In His Day is Done, Maya Angelou delivers an authentically heartfelt and elegant tribute to the late Nelson Mandela, who stood as David to the mighty Goliath of Apartheid and who, after twenty-seven years of unjust imprisonment on the notorious Robben Island, emerged with “His stupendous heart intact / His gargantuan will / Hale and hearty” to lead his people into a new era.
Maya Angelou joins us to discuss the poem and the loss of a man she feels fortunate to have called a friend.
In life, Nelson Mandela was admired; in death, he is venerated. As time passes, his life story is evolving from hagiography to beatification. There is something to admire in a man who stood by his convictions and altered the course of history by destroying the hateful apartheid institution. But the Mandela story has been so sanitized, it has lost any relationship to the truth.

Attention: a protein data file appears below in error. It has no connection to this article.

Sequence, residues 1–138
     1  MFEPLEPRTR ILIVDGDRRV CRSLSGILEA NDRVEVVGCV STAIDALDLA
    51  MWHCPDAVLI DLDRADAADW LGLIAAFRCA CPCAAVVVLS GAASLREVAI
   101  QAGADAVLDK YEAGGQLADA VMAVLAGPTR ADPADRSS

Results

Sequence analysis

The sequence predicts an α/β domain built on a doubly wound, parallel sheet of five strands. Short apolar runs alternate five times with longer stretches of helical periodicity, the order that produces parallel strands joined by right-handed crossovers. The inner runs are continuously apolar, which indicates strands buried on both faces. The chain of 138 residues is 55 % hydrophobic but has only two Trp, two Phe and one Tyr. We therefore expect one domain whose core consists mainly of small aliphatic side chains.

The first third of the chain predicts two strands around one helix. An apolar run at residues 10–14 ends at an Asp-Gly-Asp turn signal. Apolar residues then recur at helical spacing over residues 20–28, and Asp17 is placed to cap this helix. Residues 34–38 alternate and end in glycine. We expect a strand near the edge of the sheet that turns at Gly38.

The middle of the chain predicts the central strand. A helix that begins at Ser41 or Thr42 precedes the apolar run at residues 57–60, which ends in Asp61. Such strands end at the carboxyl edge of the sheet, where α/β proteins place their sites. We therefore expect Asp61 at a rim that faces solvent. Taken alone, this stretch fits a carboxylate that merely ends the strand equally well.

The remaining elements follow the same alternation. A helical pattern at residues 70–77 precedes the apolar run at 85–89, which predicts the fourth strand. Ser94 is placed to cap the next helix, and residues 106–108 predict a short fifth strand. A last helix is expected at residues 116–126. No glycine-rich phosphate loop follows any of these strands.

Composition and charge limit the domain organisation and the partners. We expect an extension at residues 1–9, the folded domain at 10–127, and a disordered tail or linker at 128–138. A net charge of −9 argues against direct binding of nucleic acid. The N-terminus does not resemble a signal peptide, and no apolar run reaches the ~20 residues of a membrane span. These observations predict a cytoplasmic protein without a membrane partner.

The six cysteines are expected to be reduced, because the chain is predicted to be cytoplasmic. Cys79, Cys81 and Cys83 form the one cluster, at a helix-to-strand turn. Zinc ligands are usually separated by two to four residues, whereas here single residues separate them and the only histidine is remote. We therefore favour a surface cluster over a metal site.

Nelson Mandela’s life of 95 years is being honored in Soweto today. But before Mandela was a sainted founding father of modern South Africa, he was a political prisoner in nation split by apartheid. Local activists still remember the day 32 years ago when the city of Albany briefly took center stage in the struggle.
In his remarks today at the gathering honoring Mandela, President Barack Obama made a passing reference to the Springboks.
The University at Albany football team has a new coach. Maryland's assistant head coach Greg Gattuso, and former Duquesne head coach, will take over for Bob Ford. He’s expected to be introduced at a 3:30 p.m. news conference this afternoon. Gattuso got a five-year contract with a $230,000 annual base salary.
Albany Law School Dean Penny Andrews grew up in apartheid South Africa. Years later, Nelson Mandela wrote the foreword to her book The Post-Apartheid Constitutions: Perspectives on South Africa's Basic Law. In 2005, Dean Andrews was a finalist for a vacancy on the Constitutional Court of South Africa, the highest court on the country’s constitutional matters.